Polygenic and Contextual Determinants of Alzheimer’s Disease and Related Dementias

Project Lead: Diane Xue, Institute for Public Health Genetics

Data Science Lead: Bryna Hazelton

One in three people over the age of 65 dies with dementia. The most common cause of dementia is Alzheimer’s disease (AD), a progressive neurodegenerative disorder influenced by genetic and environmental factors. Dozens of genetic loci have been linked to AD and related dementias, and there is growing evidence that social, built, and physical environmental factors are associated with dementia outcomes. Yet, few studies have investigated the effects of social, built, and physical environmental factors after controlling for polygenic risk for AD.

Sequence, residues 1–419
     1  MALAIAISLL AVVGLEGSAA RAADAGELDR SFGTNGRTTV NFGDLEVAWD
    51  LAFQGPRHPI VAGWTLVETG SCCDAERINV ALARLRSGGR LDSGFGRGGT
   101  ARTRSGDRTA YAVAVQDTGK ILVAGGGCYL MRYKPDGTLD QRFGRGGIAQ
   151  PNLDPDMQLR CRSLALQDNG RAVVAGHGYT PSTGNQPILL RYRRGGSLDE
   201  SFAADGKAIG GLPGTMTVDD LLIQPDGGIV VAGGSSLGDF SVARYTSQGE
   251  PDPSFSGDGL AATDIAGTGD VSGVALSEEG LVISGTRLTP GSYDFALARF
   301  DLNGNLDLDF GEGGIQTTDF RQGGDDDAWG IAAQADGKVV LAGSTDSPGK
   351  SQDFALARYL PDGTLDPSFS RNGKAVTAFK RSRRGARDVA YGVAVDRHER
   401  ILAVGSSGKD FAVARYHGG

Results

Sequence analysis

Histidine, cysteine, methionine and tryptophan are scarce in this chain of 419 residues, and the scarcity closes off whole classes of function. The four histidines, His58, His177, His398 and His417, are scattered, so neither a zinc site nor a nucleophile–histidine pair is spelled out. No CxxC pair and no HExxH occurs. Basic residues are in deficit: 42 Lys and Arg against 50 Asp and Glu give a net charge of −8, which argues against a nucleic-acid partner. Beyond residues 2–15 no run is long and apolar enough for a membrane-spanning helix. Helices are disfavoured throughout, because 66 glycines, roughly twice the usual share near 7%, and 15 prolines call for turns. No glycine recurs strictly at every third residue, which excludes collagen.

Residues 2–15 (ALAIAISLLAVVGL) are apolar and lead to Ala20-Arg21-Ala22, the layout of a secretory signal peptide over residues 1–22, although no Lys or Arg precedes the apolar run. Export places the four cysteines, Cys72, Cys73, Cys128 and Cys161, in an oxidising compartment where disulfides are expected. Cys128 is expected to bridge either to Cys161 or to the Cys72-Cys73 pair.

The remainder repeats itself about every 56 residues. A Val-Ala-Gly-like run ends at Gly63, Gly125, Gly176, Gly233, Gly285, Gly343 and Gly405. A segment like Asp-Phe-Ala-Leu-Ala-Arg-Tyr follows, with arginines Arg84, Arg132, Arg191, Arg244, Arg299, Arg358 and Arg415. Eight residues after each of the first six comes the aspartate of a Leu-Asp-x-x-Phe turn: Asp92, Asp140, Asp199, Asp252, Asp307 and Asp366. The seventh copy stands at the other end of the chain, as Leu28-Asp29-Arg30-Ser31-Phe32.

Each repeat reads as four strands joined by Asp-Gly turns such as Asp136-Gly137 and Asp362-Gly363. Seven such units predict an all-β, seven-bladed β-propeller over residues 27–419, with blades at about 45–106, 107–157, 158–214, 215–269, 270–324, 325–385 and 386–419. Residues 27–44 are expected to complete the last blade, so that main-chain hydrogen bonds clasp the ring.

The goal of this project is to model multi-level macro- and meso- environmental factors including ambient pollutants, socioeconomic status, density of physical activity facilities and social engagement destinations. alongside polygenic scores that summarize individual-level genetic risk for AD in order to determine what social and environmental factors remain significantly associated with dementia risk and/or cognitive decline after controlling for PRS.  Additionally, we want to investigate whether effects of social and environmental factors differ for high- and low- genetic risk groups. Social, built, and physical environmental variables that are associated with healthy controls who are at high genetic risk can be further investigated as population-level solutions for promoting AD resilience. Furthermore, early prediction of AD is key to prevention. The results of the proposal will prepare us to integrate genetic and non-genetic factors for risk prediction, moving us close to precision treatments.